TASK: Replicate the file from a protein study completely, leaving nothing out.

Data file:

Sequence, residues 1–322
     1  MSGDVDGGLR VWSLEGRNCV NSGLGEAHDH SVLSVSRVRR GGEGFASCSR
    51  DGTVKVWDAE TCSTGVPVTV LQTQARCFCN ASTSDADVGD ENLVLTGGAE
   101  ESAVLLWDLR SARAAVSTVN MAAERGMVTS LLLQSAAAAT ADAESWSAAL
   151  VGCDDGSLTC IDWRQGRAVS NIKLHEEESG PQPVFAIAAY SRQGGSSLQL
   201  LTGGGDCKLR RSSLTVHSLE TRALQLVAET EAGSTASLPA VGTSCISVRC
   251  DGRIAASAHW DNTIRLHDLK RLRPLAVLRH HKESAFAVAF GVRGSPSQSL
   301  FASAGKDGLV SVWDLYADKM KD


Sequence, residues 1–322
     1  MSGDVDGGLR VWSLEGRNCV NSGLGEAHDH SVLSVSRVRR GGEGFASCSR
    51  DGTVKVWDAE TCSTGVPVTV LQTQARCFCN ASTSDADVGD ENLVLTGGAE
   101  ESAVLLWDLR SARAAVSTVN MAAERGMVTS LLLQSAAAAT ADAESWSAAL
   151  VGCDDGSLTC IDWRQGRAVS NIKLHEEESG PQPVFAIAAY SRQGGSSLQL
   201  LTGGGDCKLR RSSLTVHSLE TRALQLVAET EAGSTASLPA VGTSCISVRC
   251  DGRIAASAHW DNTIRLHDLK RLRPLAVLRH HKESAFAVAF GVRGSPSQSL
   301  FASAGKDGLV SVWDLYADKM KD